The Twin Threats of Climate Change and Divisions

When I was growing up, I learned about major wars in the past, and I was grateful that there were only sporadic conflicts all around the world. I was optimistic that the world was becoming more peaceful. But that was a naïve thought. Arms race is coming back in several regions. Geopolitical tensions between powerful nations are heating up. Politics around the world is becoming more and more polarised, with little desire for mutual understanding between different groups (Fratelli Tutti, 15, 29, 262). Worse, all of these are happening while we are facing a crisis that threatens the entire world: climate change. Yet, we still find so many reasons to fight one another when a threat so great requires every nation to cooperate together.

It is not surprising then that Pope Francis’s most recent encyclicals deal with these issues. Laudato Si’, published in 2015, is devoted to care for creation. It is concerned with how human societies are destroying the environment, and as a result, threaten the survival of vulnerable communities who depend on it for their livelihood. Fratelli Tutti, meanwhile, is concerned with paralysing divisions in society around the world, worsened by the pandemic crisis.

I think the call of the Holy Father in these two important encyclicals to protect our common home, especially for the poor, and to promote a spirit of fraternity are absolutely essential if our society and the world at large are to turn towards the path of peace. It is certainly difficult, perhaps nearly impossible. But it is not. Moreover, I think we in Singapore have a duty to maintain and develop further our ability to maintain social cohesion in the face of great challenges and be an example to the rest of the world. I think we can do it.

In fact, I think of the recent launch of Faiths@Work Demo Farm, taking place at Canossian School, affiliated to Canossaville, a member organisation of the Caritas family. Honoured by the presence of Senior Minister Tharman Shanmugaratnam, leaders of various religious traditions came together to raise awareness of crops that are resilient to climate change so that vulnerable communities can adapt better. In effect, this initiative is an attempt to answer the Pope’s exhortation in his two encyclicals.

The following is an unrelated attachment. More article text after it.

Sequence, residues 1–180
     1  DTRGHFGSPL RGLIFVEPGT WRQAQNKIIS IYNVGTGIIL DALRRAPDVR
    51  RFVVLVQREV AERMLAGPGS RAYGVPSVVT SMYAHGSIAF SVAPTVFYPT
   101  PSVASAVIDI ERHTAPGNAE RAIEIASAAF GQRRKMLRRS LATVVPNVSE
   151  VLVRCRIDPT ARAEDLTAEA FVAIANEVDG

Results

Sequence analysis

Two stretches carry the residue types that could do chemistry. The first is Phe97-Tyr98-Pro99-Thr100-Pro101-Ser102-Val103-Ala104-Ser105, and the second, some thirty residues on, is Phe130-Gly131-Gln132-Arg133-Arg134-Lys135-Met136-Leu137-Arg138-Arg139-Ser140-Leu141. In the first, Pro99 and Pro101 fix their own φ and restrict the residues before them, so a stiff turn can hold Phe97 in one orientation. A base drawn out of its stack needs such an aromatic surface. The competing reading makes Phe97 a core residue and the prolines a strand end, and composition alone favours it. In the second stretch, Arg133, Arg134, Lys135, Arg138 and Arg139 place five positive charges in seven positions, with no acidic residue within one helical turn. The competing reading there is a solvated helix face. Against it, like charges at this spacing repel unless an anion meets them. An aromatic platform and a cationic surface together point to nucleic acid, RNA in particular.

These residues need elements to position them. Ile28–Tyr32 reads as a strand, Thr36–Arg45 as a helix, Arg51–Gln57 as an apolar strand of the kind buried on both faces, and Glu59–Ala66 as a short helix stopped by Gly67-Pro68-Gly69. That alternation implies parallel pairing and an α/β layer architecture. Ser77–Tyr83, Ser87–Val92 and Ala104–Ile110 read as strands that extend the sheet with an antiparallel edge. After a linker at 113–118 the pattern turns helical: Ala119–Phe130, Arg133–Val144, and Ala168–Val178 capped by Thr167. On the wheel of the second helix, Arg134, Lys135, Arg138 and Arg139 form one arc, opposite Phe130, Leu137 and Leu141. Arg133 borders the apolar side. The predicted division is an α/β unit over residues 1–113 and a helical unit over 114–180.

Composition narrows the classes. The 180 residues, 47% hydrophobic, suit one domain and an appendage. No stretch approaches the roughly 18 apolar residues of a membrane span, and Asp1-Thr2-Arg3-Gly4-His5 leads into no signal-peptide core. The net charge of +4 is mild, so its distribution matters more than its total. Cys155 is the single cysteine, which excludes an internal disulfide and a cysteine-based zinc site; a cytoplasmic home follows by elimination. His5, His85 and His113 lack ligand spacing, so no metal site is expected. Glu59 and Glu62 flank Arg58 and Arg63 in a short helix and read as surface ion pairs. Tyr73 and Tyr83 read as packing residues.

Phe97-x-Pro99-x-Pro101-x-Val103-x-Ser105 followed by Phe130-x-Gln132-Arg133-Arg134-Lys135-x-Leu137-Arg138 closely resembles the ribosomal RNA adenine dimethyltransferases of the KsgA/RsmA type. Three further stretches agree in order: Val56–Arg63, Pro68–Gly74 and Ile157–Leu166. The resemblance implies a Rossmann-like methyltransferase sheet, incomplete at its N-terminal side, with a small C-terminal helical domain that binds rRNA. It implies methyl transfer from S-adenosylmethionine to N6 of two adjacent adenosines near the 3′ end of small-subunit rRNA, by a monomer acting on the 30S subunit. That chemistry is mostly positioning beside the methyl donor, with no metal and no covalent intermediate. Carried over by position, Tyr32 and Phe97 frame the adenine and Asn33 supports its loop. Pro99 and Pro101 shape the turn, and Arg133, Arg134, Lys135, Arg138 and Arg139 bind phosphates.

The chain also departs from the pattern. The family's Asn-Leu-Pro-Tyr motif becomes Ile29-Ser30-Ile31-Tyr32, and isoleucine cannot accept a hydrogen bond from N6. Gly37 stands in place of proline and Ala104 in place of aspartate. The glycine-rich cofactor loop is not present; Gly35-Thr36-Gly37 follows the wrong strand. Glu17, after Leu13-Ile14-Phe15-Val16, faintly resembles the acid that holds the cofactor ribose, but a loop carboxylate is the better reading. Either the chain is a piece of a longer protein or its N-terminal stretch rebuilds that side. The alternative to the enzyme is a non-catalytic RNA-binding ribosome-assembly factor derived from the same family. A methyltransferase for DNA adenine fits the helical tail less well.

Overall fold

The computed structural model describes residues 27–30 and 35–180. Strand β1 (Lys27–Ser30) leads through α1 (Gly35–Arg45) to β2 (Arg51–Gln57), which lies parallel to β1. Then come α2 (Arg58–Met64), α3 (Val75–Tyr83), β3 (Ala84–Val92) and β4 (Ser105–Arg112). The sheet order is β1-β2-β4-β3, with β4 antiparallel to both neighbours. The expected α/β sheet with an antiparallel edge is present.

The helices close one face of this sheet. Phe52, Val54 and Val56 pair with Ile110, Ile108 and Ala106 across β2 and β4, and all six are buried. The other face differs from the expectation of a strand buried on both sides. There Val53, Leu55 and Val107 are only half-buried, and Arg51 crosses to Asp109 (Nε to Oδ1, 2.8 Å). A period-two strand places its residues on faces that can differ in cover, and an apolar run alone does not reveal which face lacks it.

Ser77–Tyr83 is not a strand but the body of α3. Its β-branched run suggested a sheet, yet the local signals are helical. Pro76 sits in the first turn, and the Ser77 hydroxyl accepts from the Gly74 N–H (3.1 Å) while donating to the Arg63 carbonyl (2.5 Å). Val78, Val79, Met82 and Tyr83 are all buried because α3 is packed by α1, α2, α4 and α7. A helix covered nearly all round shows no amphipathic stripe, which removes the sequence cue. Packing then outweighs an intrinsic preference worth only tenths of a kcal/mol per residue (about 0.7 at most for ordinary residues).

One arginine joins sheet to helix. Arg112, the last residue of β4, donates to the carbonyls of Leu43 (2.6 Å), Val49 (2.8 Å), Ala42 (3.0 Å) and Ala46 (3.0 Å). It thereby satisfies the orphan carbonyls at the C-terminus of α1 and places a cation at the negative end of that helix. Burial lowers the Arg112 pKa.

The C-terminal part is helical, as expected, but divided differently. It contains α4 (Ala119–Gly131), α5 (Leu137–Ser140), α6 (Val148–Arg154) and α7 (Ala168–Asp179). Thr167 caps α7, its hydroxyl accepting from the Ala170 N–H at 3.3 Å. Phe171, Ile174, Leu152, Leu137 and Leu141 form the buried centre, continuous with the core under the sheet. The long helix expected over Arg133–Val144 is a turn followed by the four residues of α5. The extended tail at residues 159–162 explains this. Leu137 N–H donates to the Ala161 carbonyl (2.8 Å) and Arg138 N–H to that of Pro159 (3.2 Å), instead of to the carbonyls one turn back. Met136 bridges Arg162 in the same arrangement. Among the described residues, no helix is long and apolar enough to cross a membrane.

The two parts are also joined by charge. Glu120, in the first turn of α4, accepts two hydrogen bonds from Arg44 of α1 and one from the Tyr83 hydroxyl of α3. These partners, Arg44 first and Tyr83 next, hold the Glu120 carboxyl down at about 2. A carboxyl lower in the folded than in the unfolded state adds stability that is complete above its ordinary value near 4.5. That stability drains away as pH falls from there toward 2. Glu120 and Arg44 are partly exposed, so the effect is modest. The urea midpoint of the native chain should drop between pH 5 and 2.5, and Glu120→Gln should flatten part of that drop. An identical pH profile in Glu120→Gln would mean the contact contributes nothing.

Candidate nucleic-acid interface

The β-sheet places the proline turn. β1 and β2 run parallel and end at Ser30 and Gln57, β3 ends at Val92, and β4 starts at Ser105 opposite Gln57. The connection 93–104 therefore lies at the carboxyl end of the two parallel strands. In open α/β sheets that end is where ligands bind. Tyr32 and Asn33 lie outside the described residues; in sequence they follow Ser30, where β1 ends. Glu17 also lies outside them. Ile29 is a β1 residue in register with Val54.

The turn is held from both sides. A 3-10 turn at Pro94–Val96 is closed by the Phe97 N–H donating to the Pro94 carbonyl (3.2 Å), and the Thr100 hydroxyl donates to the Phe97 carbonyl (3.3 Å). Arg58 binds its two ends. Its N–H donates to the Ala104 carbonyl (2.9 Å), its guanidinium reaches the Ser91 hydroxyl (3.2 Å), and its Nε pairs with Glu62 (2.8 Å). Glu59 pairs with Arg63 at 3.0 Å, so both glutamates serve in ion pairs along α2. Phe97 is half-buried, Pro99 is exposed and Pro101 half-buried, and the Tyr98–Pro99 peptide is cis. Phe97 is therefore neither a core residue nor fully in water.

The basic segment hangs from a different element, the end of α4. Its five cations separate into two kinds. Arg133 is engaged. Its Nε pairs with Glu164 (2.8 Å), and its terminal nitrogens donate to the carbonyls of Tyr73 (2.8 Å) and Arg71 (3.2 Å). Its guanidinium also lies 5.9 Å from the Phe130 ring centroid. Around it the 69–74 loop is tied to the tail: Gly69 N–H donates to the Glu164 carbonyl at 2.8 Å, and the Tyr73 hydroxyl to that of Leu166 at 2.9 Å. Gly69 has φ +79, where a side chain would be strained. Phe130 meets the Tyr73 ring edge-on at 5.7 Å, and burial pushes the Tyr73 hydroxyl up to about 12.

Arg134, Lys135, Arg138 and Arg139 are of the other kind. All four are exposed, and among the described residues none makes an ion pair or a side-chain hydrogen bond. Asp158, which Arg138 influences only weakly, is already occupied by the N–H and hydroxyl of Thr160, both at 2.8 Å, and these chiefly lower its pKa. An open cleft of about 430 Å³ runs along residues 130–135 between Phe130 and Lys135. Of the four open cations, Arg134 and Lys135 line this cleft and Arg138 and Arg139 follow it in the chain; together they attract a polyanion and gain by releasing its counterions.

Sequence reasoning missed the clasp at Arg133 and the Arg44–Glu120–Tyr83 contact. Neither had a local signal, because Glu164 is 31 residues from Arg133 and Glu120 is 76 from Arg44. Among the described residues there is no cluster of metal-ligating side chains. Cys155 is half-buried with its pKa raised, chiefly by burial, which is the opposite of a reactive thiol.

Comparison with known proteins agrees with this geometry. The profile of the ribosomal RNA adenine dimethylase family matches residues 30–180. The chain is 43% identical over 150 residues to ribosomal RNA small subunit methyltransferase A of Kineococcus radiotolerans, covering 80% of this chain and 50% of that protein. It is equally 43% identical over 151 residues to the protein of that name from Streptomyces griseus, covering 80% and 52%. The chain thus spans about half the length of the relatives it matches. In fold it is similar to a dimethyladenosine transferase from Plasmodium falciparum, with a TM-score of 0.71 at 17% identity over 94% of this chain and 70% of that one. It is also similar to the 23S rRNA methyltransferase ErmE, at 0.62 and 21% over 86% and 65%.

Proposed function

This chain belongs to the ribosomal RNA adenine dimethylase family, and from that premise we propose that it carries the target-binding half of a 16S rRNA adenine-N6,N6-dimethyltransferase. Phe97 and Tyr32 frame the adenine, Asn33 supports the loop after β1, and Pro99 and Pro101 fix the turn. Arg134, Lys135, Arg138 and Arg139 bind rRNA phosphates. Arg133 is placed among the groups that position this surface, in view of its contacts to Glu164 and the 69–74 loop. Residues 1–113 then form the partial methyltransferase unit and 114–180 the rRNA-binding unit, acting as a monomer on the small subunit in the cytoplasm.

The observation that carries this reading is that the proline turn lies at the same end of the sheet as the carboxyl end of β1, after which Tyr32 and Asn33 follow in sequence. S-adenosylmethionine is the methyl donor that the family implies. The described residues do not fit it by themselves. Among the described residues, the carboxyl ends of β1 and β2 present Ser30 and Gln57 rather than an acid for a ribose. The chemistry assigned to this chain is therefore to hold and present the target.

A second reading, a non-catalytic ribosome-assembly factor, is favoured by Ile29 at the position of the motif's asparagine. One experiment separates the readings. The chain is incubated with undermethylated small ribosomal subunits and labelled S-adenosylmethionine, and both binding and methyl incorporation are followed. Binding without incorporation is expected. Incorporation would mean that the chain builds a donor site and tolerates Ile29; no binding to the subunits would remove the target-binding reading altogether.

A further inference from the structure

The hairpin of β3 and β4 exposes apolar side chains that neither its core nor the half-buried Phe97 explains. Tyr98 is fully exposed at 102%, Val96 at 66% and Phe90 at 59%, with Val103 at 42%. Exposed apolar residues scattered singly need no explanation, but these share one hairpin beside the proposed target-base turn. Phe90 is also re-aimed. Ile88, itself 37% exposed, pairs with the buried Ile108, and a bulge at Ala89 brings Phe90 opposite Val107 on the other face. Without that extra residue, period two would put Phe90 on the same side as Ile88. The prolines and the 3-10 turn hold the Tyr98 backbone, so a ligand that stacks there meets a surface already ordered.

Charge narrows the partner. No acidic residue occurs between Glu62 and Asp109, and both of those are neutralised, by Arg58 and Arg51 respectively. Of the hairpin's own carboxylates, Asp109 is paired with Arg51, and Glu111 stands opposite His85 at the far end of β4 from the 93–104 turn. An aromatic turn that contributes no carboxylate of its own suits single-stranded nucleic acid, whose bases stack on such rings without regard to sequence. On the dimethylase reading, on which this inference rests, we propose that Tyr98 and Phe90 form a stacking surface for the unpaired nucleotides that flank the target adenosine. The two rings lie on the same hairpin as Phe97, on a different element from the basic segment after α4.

Providentially, we are also in the middle of Season of Creation, a time when various Christian groups, in the spirit of ecumenism, come together to pray, reflect and act for the care of creation. The theme for this year is “A Home for All”. I think we can be proud that Singapore can be the host of Faiths@Work, which is really about protecting our common home for everyone, regardless of group identity and differences. But we must continue the momentum. Let us, therefore, spend time in this Season of Creation to reflect on how we can respond to the invitation of Pope Francis, one step at a time, and invite others to join us in this effort to care for and protect our common home.

Erwin Susanto is part of the Advocacy, Formation and Young Adult teams at Caritas Singapore. He enjoys boring his friends with his interest in Old Testament/Hebrew Bible studies and finds it hard to resist commentating on all kinds of contemporary issues.